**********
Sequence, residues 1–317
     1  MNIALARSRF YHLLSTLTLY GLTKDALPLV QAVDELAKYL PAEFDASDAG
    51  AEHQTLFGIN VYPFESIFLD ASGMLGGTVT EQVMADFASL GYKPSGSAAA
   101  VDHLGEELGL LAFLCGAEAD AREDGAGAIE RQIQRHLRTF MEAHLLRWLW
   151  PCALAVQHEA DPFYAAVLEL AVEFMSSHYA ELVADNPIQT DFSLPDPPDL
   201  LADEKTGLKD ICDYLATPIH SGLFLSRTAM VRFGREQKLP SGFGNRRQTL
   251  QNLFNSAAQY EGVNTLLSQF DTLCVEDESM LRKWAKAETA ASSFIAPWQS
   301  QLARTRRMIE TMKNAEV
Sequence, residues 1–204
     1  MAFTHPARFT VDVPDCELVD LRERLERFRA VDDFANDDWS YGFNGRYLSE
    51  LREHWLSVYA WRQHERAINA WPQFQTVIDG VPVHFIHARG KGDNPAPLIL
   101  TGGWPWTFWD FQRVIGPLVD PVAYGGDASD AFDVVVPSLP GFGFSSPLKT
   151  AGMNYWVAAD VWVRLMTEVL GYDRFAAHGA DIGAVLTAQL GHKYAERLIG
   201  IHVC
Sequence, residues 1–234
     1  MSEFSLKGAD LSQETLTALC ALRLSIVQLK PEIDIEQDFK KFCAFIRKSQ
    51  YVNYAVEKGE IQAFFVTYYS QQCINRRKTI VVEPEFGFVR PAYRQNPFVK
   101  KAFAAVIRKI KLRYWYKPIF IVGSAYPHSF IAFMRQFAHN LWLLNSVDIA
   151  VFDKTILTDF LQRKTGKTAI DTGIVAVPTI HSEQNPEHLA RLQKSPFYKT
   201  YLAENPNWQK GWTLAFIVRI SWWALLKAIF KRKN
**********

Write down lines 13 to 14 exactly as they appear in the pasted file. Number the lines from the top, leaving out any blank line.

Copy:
   151  AGMNYWVAAD VWVRLMTEVL GYDRFAAHGA DIGAVLTAQL GHKYAERLIG
   201  IHVC